The Sisters of Charity of New York is a religious congregation of women in the Catholic Church whose primary missions are education and nursing and who are dedicated in particular to the service of the poor. The founder of the order, Elizabeth Ann Seton, was canonized as the first American-born saint. As a widow, and in order to support her children, she taught school. Later she opened a Catholic school for girls first in Baltimore and then in Emmitsburg she opened another Catholic school with a small community of women who concentrated on a defined lifestyle for their religious congregation. They adopted the rule that Saints Vincent de Paul and Louise de Marillac had created in 17th century France.
Within a year, Elizabeth took vows and founded the first American congregation of women religious. In 1817 she sent three of her sisters to New York City to open an orphanage, establishing the foundation of the Sisters of Charity in New York.
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The cholera epidemic of 1849 impelled the Sisters to open St. Vincent’s Hospital in Manhattan (closed 2010), the first Catholic hospital in New York City.5 St. Vincent’s Hospital became the centerpiece of an extensive health care system under the Sisters’ care that included St. Vincent’s Hospital in Westchester (a psychiatric hospital), as well as two hospitals on Staten Island: St. Vincent’s Hospital, Staten Island (closed 2006), and Bayley Seton Hospital, in addition to a network of nursing homes and other institutions.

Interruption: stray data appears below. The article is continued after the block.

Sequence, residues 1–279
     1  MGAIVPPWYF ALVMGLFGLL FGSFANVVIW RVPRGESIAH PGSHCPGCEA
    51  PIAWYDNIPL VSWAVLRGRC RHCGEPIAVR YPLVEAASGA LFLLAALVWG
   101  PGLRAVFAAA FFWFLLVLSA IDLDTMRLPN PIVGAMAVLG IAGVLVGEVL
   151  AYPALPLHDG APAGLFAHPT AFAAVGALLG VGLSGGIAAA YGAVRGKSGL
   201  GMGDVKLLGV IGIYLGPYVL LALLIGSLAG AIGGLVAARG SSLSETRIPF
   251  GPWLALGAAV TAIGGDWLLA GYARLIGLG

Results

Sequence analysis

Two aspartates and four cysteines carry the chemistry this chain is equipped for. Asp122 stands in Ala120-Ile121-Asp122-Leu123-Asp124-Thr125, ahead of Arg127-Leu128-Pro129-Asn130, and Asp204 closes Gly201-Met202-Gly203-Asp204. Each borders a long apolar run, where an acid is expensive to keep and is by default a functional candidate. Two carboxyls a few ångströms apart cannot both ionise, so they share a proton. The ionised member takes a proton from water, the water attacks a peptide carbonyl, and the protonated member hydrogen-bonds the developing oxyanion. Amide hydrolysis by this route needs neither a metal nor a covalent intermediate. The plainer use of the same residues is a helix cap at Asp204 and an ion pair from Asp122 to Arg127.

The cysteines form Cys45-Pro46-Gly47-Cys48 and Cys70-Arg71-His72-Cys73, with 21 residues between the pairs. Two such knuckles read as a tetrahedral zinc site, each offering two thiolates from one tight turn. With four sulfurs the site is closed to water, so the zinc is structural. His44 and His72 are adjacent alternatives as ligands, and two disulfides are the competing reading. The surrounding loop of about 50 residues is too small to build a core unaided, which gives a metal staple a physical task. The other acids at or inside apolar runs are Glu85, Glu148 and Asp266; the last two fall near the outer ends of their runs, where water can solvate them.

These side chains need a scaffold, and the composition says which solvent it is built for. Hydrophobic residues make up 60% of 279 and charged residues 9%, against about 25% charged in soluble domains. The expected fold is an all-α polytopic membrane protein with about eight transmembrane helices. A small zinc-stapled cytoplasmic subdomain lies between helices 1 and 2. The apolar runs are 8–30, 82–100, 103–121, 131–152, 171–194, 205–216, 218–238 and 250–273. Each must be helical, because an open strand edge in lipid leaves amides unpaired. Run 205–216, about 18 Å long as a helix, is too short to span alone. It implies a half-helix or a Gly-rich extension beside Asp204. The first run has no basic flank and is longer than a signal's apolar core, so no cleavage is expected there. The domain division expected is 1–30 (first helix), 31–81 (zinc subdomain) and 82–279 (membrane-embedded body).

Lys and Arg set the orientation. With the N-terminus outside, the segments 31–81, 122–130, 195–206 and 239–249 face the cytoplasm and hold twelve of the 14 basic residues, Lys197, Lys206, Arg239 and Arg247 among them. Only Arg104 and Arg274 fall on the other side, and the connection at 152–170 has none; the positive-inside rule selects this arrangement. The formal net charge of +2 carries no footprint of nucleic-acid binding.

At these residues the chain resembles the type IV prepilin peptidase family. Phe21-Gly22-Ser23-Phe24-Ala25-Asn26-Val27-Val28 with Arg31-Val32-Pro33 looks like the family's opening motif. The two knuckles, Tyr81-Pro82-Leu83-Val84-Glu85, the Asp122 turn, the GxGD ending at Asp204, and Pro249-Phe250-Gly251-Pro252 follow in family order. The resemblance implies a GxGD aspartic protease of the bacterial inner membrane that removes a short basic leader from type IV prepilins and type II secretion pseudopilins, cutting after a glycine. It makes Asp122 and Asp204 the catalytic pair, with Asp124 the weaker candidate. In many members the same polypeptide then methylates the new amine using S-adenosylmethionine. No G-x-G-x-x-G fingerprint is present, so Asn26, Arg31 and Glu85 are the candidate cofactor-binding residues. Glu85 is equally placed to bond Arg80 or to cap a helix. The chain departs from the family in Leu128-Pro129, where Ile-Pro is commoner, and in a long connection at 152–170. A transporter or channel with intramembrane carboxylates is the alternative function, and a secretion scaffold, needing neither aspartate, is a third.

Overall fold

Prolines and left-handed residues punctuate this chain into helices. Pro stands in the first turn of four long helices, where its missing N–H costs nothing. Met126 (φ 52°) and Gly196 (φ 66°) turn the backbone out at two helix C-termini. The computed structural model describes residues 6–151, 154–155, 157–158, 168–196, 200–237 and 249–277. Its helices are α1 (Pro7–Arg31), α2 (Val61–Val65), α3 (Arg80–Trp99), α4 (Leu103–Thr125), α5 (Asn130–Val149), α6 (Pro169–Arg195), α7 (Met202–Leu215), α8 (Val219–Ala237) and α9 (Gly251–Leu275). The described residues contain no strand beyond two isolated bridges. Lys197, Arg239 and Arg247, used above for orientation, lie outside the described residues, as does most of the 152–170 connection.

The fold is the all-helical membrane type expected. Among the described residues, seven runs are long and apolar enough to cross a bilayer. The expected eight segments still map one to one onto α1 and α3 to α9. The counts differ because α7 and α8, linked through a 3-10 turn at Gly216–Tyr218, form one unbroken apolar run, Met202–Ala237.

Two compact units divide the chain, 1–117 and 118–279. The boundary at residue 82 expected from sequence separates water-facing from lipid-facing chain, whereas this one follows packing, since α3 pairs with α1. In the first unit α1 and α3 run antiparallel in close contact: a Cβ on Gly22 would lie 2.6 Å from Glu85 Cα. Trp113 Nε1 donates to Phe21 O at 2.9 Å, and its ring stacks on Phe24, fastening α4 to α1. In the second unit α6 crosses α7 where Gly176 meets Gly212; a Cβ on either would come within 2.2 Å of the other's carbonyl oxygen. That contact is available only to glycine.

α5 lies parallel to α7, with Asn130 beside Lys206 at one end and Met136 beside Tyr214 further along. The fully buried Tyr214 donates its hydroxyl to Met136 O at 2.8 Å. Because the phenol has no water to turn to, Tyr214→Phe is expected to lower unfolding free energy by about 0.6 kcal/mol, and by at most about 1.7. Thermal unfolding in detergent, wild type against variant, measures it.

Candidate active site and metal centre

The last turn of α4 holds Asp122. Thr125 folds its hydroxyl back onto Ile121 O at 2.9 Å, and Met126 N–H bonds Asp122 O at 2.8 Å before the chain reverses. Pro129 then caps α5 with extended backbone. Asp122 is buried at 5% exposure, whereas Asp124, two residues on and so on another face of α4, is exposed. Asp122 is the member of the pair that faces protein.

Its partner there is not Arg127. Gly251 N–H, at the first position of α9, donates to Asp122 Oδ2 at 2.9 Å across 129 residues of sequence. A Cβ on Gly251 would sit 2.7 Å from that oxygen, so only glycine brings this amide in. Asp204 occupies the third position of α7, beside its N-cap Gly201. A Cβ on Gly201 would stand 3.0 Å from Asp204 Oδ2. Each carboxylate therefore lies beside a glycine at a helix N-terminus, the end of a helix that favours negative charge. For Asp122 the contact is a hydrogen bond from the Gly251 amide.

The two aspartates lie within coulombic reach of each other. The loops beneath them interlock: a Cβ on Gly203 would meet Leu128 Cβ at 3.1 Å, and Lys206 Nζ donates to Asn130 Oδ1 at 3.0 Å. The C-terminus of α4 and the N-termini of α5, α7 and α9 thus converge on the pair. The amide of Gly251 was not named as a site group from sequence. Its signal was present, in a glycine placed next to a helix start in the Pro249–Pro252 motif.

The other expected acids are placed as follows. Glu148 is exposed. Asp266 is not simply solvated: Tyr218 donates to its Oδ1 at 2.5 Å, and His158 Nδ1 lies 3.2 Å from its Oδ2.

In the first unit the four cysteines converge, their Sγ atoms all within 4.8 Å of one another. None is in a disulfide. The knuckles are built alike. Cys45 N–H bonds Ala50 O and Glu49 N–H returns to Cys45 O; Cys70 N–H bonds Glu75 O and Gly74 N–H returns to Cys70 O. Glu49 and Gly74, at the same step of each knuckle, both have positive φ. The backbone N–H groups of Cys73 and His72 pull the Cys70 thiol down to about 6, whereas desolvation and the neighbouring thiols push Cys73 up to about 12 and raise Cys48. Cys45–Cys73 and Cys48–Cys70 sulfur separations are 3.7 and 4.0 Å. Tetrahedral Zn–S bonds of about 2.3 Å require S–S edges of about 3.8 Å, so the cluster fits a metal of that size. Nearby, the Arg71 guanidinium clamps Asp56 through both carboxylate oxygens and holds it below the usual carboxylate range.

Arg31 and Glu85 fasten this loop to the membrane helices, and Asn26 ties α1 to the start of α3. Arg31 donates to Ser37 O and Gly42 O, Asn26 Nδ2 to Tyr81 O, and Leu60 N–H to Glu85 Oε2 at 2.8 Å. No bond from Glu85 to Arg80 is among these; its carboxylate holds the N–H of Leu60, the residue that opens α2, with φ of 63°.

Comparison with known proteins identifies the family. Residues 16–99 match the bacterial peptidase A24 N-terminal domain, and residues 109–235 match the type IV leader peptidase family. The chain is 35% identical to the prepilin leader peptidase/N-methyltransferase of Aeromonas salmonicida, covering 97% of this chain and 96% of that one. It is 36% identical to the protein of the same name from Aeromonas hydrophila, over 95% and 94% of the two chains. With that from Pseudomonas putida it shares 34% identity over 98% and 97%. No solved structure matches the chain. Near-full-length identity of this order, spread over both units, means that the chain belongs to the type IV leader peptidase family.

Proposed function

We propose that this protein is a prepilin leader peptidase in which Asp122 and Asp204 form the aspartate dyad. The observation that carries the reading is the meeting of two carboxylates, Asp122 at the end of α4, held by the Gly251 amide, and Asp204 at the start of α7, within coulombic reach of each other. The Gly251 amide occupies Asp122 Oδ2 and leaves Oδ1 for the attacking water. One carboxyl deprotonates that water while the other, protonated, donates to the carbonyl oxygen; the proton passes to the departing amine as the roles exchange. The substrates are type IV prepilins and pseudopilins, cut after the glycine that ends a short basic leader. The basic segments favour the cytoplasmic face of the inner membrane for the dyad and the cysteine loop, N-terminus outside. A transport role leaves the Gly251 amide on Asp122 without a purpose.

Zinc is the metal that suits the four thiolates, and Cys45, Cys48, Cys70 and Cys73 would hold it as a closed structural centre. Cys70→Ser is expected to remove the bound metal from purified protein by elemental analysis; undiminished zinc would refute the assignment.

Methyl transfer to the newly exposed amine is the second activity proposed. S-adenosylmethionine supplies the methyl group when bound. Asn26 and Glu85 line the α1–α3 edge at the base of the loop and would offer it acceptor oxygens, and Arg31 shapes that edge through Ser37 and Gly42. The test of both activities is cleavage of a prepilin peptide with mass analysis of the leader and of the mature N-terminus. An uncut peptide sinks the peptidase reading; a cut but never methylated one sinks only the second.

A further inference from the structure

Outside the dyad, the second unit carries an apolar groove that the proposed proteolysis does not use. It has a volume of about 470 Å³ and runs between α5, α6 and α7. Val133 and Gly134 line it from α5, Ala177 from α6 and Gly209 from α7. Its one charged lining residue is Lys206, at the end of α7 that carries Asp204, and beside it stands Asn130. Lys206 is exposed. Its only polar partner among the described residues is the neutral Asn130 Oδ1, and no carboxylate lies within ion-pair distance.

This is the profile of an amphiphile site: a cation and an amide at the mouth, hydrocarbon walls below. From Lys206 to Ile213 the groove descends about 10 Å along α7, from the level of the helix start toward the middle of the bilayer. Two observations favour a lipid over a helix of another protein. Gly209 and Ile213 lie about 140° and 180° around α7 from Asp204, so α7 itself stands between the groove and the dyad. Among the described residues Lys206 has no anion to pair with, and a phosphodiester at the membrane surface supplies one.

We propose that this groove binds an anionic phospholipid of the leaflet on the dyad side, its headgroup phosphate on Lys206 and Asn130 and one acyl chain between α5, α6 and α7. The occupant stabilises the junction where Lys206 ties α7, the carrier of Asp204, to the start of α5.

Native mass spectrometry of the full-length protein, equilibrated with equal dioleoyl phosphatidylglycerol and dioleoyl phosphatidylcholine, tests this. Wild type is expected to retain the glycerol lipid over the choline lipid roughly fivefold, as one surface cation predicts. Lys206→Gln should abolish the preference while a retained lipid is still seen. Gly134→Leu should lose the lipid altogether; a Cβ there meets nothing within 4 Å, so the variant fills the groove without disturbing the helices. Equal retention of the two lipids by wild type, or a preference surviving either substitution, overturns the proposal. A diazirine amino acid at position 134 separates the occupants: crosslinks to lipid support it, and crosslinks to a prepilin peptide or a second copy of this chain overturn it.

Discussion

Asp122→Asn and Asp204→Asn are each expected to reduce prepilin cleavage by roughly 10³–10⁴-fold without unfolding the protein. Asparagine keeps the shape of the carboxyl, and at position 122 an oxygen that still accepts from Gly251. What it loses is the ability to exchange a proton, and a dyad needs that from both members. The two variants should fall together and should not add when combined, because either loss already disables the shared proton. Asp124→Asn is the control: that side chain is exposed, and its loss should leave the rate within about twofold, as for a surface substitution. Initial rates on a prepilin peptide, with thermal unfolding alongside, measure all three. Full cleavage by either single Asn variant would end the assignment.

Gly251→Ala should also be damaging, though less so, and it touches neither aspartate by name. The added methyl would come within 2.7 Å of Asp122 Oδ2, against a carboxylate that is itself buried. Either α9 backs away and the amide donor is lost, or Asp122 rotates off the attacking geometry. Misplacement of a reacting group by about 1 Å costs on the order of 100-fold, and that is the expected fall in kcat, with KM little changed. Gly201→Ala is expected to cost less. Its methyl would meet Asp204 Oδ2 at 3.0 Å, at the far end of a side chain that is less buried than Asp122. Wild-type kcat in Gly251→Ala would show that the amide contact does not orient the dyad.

The Sisters were also the key congregation in the establishment of New York’s parochial school system, staffing more schools than any other single order of women. In addition to parish schools (which, in New York, typically carry children through grade 8), the sisters ran a number of high schools themselves or provided staff for high schools run by others, and they established the College of Mount Saint Vincent, which also serves as their motherhouse.
See: Sisters of Charity of New York (external)